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17Dec 2012

After a moment of silence, Newtown shooting demands hard work from science reporters.

After a moment of silence, Newtown shooting demands hard work from science reporters.

Before we says anything about Newtown, a moment of silence.

As science reporters sit down at their desks on this very sad Monday morning (I'm sure I'm not the only one still in the emotional grip of this thing), we need to get to work. It's essential that we do not hand over this story to the political reporters, who will be interested in which party has leverage on gun control, how the NRA is mobilizing, what the prospects are for passage of a gun-control bill, and whether opponents of a bill will predicate their support on cuts in health care or entitlements or another unrelated issue. Political reporters are more likely than science reporters to repeat, without challenge, the myth and misinformation that will surely bubble from politicians' mouths.

There is plenty for science reporters to write about here. Why are the killers so often young adult men? What is it about schools that has led them to replace post offices as frequent scenes of mass murder? What do we know, and what do we need to know, about preventing such crimes?

Which particular weapons or accessories are likely to lead to such crimes, or to make them worse? Is it the bullets? The clip? The kind of gun? The cost of the gun? What can we learn about preventing violence from other countries where gun violence is far less common? What do we know about the world gun trade? 

Would strict gun control in the U.S. reduce the frequency of mass shootings? Would it reduce the number of people who are killed when these incidents do occur? What is the best way to restrict guns? Registration? Banning certain weapons? Waiting periods? Background checks? Are there new ideas?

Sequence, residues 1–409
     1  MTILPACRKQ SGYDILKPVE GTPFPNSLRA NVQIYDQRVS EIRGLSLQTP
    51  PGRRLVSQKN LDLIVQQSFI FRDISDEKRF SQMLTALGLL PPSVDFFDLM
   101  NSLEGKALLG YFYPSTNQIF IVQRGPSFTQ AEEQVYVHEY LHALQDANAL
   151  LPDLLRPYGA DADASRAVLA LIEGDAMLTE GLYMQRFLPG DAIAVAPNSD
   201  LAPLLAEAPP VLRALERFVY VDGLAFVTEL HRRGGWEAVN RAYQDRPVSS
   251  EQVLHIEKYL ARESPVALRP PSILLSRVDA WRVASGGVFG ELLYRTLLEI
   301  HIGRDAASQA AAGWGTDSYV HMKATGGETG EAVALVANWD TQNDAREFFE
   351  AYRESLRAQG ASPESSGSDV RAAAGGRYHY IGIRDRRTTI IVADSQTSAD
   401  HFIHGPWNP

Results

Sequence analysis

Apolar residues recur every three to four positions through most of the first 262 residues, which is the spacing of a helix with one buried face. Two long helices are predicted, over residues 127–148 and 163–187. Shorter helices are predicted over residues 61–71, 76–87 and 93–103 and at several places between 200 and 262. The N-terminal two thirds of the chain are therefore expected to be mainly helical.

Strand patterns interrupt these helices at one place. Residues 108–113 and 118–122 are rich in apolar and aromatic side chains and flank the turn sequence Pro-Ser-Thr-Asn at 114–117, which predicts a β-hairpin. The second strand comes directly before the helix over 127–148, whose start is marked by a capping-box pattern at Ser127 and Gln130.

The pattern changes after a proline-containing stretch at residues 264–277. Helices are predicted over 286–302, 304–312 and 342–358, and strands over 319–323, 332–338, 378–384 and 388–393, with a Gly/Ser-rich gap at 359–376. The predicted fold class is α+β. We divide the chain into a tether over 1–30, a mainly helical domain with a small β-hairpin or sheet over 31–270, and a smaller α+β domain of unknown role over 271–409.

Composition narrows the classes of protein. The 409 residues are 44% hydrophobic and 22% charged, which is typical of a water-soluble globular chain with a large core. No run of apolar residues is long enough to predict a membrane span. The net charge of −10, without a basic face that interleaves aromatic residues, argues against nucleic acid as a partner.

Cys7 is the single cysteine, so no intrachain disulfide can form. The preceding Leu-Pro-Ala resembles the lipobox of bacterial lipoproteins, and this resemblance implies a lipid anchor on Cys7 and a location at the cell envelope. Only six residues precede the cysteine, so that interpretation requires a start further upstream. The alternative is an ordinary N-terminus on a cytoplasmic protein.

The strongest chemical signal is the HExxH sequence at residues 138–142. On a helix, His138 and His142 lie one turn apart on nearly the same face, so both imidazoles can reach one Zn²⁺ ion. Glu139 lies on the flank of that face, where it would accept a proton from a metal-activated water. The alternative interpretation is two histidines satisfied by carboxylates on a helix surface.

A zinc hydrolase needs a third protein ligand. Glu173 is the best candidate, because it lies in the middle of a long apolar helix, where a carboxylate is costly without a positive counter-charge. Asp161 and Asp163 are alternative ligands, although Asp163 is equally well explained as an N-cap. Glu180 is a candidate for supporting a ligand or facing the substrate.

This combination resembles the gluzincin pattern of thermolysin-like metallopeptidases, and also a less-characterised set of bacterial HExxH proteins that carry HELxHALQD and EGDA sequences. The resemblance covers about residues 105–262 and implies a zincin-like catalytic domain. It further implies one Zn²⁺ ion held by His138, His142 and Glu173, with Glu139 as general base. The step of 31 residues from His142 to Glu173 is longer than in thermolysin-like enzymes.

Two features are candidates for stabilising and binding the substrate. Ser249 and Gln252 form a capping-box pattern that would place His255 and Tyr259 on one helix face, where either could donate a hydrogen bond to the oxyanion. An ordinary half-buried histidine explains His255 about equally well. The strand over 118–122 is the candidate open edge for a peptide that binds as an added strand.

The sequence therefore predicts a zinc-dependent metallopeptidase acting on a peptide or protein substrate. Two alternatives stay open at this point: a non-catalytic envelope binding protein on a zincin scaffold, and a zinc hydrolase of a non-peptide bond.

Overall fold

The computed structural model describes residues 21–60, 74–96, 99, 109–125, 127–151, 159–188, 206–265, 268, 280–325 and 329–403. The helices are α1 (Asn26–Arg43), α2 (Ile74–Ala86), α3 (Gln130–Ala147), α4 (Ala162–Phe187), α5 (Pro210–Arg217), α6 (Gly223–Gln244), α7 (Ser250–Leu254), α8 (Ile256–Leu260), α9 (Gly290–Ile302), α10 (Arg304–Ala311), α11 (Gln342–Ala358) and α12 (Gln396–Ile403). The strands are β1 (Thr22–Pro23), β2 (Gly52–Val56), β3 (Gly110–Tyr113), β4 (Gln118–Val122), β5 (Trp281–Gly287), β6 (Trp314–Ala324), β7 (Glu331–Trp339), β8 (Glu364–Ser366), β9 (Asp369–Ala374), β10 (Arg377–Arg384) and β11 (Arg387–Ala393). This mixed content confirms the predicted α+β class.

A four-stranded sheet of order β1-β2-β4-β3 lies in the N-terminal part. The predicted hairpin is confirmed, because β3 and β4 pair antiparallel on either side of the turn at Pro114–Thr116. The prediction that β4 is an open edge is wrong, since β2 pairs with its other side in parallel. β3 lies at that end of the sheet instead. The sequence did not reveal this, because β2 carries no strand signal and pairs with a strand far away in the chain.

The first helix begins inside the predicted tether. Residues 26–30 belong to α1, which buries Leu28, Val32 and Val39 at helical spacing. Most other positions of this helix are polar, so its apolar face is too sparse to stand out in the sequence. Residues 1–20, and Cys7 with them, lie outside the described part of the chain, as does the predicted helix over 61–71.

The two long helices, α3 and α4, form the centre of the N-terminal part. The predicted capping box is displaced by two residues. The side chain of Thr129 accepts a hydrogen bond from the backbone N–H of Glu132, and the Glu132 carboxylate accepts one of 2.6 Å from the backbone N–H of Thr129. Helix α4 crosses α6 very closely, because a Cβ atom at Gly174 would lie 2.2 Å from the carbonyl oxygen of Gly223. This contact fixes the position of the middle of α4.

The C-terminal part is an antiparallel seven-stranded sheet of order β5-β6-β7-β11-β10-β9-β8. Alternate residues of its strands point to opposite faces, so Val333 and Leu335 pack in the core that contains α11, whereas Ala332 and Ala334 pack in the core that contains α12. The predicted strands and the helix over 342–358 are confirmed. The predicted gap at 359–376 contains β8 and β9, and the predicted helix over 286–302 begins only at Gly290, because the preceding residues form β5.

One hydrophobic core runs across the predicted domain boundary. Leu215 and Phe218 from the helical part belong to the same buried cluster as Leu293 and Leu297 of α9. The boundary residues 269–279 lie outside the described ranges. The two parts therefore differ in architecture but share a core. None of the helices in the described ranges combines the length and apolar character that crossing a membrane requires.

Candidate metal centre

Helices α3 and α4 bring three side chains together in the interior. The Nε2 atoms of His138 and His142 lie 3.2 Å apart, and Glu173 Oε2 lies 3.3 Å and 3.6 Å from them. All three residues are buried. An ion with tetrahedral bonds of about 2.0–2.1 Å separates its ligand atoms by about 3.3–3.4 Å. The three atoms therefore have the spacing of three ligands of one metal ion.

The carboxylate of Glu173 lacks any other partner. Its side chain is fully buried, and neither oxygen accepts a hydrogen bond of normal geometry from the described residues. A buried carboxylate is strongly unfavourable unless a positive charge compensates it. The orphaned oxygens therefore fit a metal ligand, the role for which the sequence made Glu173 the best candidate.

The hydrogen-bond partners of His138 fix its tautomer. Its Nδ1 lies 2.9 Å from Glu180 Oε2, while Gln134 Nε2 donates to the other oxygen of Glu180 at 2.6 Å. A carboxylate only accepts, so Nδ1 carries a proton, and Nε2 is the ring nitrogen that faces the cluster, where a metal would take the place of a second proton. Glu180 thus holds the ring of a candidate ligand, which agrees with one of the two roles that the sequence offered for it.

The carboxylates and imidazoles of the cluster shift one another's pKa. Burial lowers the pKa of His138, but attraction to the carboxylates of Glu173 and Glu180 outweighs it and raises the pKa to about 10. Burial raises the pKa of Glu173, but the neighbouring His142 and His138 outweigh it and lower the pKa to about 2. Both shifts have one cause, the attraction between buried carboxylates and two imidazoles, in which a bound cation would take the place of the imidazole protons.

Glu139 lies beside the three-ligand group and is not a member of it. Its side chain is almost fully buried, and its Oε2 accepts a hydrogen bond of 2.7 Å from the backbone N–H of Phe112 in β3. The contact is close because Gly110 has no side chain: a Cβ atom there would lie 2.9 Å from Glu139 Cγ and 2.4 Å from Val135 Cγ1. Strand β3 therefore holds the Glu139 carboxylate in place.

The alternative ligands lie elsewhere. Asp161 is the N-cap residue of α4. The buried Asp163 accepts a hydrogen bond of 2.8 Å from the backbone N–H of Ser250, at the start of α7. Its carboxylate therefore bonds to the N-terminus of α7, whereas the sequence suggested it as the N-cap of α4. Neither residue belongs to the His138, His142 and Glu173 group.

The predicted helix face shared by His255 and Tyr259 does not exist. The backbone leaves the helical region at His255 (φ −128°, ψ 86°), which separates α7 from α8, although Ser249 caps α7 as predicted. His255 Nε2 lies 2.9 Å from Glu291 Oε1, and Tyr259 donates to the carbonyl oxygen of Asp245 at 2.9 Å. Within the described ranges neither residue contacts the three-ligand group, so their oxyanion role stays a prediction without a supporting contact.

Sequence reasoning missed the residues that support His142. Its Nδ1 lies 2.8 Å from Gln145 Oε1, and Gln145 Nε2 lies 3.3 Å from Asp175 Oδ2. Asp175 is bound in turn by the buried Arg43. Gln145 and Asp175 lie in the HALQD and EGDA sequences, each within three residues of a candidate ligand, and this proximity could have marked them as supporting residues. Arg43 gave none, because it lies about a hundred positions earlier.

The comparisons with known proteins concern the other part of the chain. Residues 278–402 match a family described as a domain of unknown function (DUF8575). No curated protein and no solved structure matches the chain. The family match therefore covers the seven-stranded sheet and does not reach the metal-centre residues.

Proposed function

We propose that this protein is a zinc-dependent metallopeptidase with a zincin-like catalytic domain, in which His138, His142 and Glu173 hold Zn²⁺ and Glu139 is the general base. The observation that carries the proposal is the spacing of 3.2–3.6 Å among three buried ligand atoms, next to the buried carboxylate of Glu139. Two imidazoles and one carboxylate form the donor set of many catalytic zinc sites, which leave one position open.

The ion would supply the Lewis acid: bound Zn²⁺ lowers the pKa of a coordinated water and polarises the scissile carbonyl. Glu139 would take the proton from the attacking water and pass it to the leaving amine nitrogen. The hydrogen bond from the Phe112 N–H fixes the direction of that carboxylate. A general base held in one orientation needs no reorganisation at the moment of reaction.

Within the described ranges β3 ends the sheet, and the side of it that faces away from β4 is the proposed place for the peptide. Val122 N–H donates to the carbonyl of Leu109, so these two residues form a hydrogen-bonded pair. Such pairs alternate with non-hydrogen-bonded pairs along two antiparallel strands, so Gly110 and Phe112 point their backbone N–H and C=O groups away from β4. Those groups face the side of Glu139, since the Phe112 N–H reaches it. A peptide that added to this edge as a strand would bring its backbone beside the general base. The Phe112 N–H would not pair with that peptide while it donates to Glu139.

Who are the people who buy guns? Why do they buy them? What do they do with them? Why are some people so strongly opposed to gun control, even if, say, it leaves exclusions for deer rifles? 

Here are a few links to encourage more thought about these questions:

Ezra Klein at his Washington Post Wonkblog compiles 12 facts about guns and mass shootings, including such things as this: 15 of the 25 worst mass shootings in the last 50 years took place in the United States; Finland was in second place with two. For a few tips on the politics, see "The six most important people in the looming gun-control debate" by Aaron Blake at Chris Cillizza's Washington Post  blog, The Fix. The Brady Campaign to Prevent Gun Violence has compiled studies and reports on gun violence hereAdam Gopnik of The New Yorker wrote an intelligent analysis of mass shootings after the Aurora, Colorado shooting last summer. It links to his piece about the Virginia Tech shooting, and we can suppose he'll be writing another one this week.

Many smart people have looked at the issues surrounding mass shootings, individual shootings, and gun control. Whatever their thoughts about guns, enterprising reporters can find good stories here, and perhaps help to erase some of the misinformation about guns that will soon emerge from Washington.

-Paul Raeburn

 

 

 

Comments